Teaching Paradise Lost

At the window, the late April snow turned miserably
to rain. The schoolroom after a year was still
unrecognizably mine, the gray walls generically
mute, the shelves still nude; a few photographs,
gifts from students, on the cork boards curled
like little vivisections from their pins. In the corner
the heater coughed; from above, the clock’s
geared hands locked another minute shut.
And in my arms—blond, untouchable, athletic, young—
the boy stood heaving his tears.
He was in love, as I was. Through my shirt
I felt the heat of his tears stain
the skin of my chest. There was a girl he loved
without knowing he loved; by some reflexive
self-preserving spasm of cruelty he forced her
humiliatingly away; and then he felt,
rising through relief at the exorcised glimpse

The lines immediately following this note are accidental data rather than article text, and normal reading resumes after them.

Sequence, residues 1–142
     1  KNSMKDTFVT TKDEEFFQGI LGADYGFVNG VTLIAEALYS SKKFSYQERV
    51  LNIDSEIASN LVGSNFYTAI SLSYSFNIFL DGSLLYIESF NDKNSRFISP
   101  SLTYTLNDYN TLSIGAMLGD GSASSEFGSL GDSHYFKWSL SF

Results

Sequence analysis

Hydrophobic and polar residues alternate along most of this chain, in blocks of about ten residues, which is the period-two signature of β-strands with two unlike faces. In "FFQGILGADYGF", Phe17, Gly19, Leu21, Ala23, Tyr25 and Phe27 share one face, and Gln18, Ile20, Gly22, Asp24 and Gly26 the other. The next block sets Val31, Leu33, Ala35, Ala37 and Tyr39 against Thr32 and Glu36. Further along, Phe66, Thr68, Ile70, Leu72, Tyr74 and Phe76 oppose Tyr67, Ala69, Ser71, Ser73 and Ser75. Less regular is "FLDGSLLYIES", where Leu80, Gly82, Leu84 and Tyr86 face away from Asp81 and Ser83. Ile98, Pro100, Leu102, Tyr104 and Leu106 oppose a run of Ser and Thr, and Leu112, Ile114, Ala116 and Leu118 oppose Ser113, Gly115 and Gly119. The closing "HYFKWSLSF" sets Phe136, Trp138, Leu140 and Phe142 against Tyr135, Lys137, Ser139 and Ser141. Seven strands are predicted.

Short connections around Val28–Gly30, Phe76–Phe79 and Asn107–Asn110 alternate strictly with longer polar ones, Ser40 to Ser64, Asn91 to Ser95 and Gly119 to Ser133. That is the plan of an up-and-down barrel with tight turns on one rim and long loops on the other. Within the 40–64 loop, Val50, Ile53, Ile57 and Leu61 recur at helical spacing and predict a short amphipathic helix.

of adult human feeling intricate and pained,
remorse so sharp it swept away
congenital reticence, embarrassment, shame,
and set him in my arms. I had nothing to say.
I stood there, feeling his hands grip
locked behind my back, feeling him breathe,
and felt I held the birth of personhood,
that having delivered and received (delivery
is receipt) the wound of feeling, he stood
severed from the life of needlessness,
the green oblivial wholeness of his childhood—
and, the terrible wings unfurling at its gates,
irremediably alien, he entered the world of parts.

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